The EU Conference on Youth, Peace and Security created an inclusive and interactive space for all stakeholders to exchange and to make recommendations for the EU on promoting young people in peacebuilding, in partnership with the UN, other multilateral players, civil society, and young peacebuilders from across the world.
There is a broad consensus across the EU institutions about harnessing the potential of the biggest global youth population for conflict prevention and sustaining peace. This calls for concrete actions to recognise, support and strengthen the work of the young change makers and leaders of today and tomorrow, and for including them in decision making.
The peacebuilding partnership between the EU and young people should be built on shared responsibility and a shared sense of initiative. It is both for the EU and for young people to do more and contribute more to peacebuilding. Investment in youth-led peacebuilding needs to go hand in hand with young people organising and mobilising themselves to build a strong case for resourcing their actions.
Reaching out to and including the more marginalised and isolated young people in peacebuilding is a shared concern. In fact, youth can play a very important role in accessing the most vulnerable and exposed parts of society. This relates to the broader issue of working with, empowering and funding civil society and grassroots youth organisations and movements. The capacities of EU Delegations to work with young peacebuilders in partner countries should be put to better use.
However, it will remain indispensable that civil society acts as interface and multiplier to engage young people on the fringes of society and allow for scaling up their conflict prevention and peacebuilding initiatives.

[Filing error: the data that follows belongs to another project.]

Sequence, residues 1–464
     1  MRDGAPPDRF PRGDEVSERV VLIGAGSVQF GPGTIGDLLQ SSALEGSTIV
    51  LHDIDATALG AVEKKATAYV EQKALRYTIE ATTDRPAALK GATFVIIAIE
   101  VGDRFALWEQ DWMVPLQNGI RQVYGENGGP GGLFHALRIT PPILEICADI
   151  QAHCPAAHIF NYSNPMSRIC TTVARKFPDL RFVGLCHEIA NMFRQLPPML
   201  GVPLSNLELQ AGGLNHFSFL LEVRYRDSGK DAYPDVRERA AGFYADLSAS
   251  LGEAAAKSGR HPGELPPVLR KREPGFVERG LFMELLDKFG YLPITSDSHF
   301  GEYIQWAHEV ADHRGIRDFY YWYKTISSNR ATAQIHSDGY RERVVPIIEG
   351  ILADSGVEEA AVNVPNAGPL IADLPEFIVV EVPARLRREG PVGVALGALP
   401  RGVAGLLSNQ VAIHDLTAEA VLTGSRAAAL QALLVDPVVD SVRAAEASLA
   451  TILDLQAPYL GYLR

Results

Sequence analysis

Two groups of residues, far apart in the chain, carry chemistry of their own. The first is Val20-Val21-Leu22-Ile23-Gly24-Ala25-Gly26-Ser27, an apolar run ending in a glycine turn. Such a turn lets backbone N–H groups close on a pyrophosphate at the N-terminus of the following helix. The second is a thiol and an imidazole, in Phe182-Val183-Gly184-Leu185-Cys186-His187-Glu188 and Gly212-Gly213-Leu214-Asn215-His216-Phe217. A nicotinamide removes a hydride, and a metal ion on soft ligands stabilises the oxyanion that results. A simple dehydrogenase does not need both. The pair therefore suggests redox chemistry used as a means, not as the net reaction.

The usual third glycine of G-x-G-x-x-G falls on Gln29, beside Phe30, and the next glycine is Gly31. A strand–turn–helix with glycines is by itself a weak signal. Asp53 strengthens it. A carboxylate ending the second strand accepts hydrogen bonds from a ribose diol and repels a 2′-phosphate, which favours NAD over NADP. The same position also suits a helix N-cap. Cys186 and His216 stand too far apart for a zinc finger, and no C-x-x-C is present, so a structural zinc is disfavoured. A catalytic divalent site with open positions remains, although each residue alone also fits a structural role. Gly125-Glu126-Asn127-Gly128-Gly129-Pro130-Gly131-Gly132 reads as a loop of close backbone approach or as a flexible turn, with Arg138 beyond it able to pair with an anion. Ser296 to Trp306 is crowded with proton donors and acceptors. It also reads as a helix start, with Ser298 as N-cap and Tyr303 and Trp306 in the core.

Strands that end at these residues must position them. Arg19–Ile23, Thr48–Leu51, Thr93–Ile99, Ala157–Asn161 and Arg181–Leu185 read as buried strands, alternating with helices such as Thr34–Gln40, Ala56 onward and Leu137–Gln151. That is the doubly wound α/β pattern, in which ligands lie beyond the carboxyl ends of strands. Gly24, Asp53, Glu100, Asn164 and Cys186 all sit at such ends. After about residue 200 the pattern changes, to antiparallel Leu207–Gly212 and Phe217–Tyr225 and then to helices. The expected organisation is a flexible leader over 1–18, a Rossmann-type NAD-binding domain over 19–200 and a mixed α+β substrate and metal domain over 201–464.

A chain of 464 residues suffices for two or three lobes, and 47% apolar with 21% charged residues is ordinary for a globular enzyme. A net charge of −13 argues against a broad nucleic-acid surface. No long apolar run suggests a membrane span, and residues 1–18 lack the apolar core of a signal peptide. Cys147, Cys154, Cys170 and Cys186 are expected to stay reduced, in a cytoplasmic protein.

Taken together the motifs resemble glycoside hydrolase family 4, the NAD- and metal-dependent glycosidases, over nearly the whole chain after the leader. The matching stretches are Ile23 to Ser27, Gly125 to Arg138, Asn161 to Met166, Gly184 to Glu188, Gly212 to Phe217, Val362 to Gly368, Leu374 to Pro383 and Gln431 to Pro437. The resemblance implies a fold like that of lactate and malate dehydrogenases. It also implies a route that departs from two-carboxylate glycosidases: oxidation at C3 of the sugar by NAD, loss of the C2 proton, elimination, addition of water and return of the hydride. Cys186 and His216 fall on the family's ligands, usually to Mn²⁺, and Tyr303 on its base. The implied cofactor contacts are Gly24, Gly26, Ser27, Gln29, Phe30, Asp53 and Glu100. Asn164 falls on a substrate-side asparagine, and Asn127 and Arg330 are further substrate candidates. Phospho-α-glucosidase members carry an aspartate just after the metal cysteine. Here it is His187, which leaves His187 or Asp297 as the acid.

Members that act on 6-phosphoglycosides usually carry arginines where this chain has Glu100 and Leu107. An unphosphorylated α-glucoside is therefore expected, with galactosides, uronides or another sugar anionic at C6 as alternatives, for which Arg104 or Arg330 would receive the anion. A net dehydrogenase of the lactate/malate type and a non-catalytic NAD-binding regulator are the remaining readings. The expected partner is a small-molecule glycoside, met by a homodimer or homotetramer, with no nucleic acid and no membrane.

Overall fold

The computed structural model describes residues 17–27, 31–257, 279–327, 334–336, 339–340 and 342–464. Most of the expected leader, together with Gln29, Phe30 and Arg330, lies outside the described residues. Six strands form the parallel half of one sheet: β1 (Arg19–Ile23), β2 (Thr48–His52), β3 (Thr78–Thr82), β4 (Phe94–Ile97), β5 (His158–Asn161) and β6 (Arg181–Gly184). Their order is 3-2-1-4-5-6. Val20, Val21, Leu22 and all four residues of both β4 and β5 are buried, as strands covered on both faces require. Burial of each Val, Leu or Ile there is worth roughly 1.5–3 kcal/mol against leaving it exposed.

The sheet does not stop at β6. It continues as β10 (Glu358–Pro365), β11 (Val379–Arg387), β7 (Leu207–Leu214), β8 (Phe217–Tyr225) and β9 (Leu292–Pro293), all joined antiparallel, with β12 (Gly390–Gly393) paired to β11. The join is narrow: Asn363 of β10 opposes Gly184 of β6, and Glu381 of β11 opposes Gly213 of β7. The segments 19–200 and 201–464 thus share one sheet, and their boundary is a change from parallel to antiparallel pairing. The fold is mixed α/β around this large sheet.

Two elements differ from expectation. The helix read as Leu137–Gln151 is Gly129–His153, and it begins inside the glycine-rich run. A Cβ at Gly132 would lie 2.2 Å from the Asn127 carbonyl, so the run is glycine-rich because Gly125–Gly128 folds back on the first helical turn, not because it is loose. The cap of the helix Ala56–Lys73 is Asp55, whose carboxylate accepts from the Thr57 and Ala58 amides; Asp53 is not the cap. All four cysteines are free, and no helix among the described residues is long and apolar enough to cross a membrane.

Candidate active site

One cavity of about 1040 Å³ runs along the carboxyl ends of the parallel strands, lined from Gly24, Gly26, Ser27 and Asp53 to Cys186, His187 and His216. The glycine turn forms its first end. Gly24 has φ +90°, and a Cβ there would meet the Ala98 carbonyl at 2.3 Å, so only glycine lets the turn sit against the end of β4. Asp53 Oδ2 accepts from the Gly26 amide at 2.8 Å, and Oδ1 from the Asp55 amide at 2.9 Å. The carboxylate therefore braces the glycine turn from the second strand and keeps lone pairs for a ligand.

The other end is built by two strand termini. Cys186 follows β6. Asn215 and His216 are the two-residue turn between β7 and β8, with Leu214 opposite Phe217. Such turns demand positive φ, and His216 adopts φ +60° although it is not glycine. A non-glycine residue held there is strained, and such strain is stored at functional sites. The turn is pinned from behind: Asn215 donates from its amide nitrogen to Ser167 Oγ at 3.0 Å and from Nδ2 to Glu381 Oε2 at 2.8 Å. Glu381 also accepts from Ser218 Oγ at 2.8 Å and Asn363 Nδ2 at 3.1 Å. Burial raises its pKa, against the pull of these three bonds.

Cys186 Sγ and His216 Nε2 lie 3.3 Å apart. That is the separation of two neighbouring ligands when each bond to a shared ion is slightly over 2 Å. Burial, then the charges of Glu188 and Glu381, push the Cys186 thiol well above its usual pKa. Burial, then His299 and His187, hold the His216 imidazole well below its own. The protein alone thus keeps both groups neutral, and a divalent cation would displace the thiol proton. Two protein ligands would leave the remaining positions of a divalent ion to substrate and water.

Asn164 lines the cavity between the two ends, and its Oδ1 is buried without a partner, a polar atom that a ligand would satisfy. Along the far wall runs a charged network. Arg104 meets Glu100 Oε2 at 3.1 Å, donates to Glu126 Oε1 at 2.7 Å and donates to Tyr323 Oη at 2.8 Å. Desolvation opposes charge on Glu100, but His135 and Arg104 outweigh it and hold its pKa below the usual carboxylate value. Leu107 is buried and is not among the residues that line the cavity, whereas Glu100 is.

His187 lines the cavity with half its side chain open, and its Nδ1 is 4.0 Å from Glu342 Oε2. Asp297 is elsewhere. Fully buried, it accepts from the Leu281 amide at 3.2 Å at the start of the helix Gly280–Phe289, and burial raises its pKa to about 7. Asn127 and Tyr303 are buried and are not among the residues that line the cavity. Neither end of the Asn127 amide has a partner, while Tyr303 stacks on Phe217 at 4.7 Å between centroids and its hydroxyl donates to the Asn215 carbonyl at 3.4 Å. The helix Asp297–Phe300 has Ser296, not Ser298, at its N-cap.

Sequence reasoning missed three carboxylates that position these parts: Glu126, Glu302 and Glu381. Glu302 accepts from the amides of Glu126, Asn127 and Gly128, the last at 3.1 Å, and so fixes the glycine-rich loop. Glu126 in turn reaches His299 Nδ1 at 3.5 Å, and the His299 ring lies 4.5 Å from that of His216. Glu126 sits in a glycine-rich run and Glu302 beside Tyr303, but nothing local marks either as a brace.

Meaningful youth inclusion puts a premium on more targeted and more specialised ways for institutions to work together with young people on concrete issues, including peace and security.
The EU networks and communities of young peacebuilders represent important ways to forge dialogue between young people, which was highlighted by several stakeholders.
There is also a need to better exhaust and document the peacebuilding impact of EU programmes and initiatives targeted specifically on young people, such as Erasmus.
Through an interactive dialogue with young people, the HR/VP defined four main deliverables from the Conference:
continue to create open spaces for young people to come together, build long-term relationships and directly engage the EU;
expand the EU communities of young peacebuilders with youth from Asia and Latin-America;
work on translating some of the proposals put forward by young people into projects by the EU, or by partners’ governments or local authorities;
promote funding for youth work at all levels and pilot a youth consultation on thematic and country-specific EU policies.